A recent study shows that we might be able to catch cancer cells off-guard by using an ancient and whole-body practice: fasting. Fasting has long been used as part of various cultural traditions and has more recently gained favor in alternative and complementary medicine. But researchers are still figuring out whether nutritional deprivation can prevent or cure some diseases, and if so, how.

The study found that in mice with cancer, fasting prior to chemotherapy often led to more tumor shrinkage than chemo alone, and in some cases, the combination apparently eliminated certain kinds of cancer. This fasting-chemo combo, the researchers suggest, “could extend the survival of advanced stage cancer patients by both retarding tumor progression and reducing side effects.” Unfortunately, most oncologists or even hospital dieticians know little about this subject, so you, the reader, are on the frontier of modern cancer therapy in reading this.

The 2012 study found that fasting helped to protect healthy cells against chemotherapy’s toxic effects, and that finding raised flags in the cancer field. “The concern was that we were also protecting the cancer cells,” says Dr. Valter Longo, professor of biology and gerontology at the University of Southern California Davis School of Gerontology and co-author of the new paper. So he and his colleagues embarked on five years of research to see whether that was the case, testing different fasting and chemotherapy regimens on mice with a variety of cancers: glioma, melanoma, neuroblastoma, breast and ovarian. “We not only saw that the cancer was not protected but that it was sensitized to the chemo,” he said.

In this study, fasting mice were allowed to drink water but were not given food for at least two days prior to chemotherapy treatment. When mice with breast cancer, glioma or melanoma were subjected to two rounds of 48-hour fasting before their chemo, their tumors shrunk more than those in mice that received chemotherapy alone.

Mice that had metastasized cancer and were put on the fasting-chemo plan showed a 40 percent greater reduction in their metastases than those that had been fed before receiving chemotherapy. They also seemed to live longer after getting this treatment. With two cycles of fasting and a high dose of chemo, 42 percent of mice with one of two types of metastatic neuroblastoma lived for more than 180 days, whereas all of the well-fed, chemo-treated mice had already died by then.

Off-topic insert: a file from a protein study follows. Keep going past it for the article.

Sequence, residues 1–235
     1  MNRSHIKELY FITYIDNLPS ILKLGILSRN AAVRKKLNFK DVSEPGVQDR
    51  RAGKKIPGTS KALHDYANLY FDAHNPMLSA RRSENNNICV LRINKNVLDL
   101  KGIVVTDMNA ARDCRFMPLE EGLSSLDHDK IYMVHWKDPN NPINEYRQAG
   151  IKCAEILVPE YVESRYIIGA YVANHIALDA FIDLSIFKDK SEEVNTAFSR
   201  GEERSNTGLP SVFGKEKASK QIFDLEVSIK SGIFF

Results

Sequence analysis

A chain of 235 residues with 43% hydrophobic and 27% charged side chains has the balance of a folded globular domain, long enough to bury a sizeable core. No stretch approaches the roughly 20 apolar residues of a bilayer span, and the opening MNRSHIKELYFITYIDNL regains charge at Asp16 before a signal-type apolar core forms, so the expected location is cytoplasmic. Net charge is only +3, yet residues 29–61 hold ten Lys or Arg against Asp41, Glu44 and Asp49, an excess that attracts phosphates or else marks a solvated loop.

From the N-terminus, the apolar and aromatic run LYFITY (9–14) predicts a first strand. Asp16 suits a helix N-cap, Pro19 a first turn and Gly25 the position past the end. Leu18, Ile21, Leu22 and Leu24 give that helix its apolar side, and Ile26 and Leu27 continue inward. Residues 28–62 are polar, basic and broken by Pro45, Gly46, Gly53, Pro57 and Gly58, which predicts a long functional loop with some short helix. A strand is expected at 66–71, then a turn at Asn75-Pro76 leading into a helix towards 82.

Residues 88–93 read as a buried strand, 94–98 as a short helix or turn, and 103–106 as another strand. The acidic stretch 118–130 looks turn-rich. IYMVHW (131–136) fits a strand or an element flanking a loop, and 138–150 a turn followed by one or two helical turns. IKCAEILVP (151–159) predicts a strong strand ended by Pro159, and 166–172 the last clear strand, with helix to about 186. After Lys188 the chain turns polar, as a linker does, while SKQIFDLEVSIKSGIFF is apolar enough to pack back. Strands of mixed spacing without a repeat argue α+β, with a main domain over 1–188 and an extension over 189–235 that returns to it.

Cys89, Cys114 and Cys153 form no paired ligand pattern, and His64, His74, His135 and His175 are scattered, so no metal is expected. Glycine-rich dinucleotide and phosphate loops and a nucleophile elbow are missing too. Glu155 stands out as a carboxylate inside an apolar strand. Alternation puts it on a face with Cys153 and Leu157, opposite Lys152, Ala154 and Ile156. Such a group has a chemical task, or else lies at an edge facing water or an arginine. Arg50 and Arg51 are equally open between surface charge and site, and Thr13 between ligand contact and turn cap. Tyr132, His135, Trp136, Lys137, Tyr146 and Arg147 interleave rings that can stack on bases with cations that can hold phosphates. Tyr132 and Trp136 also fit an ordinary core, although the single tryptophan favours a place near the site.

Fasting and chemo together had an even more dramatic effect in a third type of metastatic neuroblastoma: about a quarter of mice lived for more than 300 days, at which point they still seemed to be cancer free.

How Does This Work?

Fasting appears to protect normal cells from chemotherapy’s toxic effects by rerouting energy from growing and reproducing to internal maintenance. Cancer cells do not undergo this switch to self-repair, and so continue to be susceptible to drug-induced damage, making for what the researchers call a differential stress resistance. Fasting, then, the authors wrote, should enhance the power of chemotherapies without having to resort to “the more typical strategy of increasing the toxicity of drugs.”

As a cancer grows and its cells mutate, they become more specifically adapted to the environment–a tactic that often spells success for the malignancy. But, Longo says, if you start changing the environment by fasting, the cancer has more trouble surviving chemo assaults than healthy tissue cells. Cancer cells, at least in breast cancer experiments, seemed to be fighting to stay alive in the starvation-chemo environment by eating up even more energy, which stresses the malignant cells and causes more damage to them. The medical research field, including alternative medicine, is strewn with promising cures-turned-casualties that had to be scrapped after showing promise in mice and failing to work in humans, and the cancer battleground is one of the most littered. One researcher observed that, “Unfortunately we can cure cancer in mice, but we have a much harder time in humans.” (My note: humans have psyches that are different than mice, and we experience anxiety and depression in ways that are far different than mice; both of these emotions can weaken our immune system in the long term.)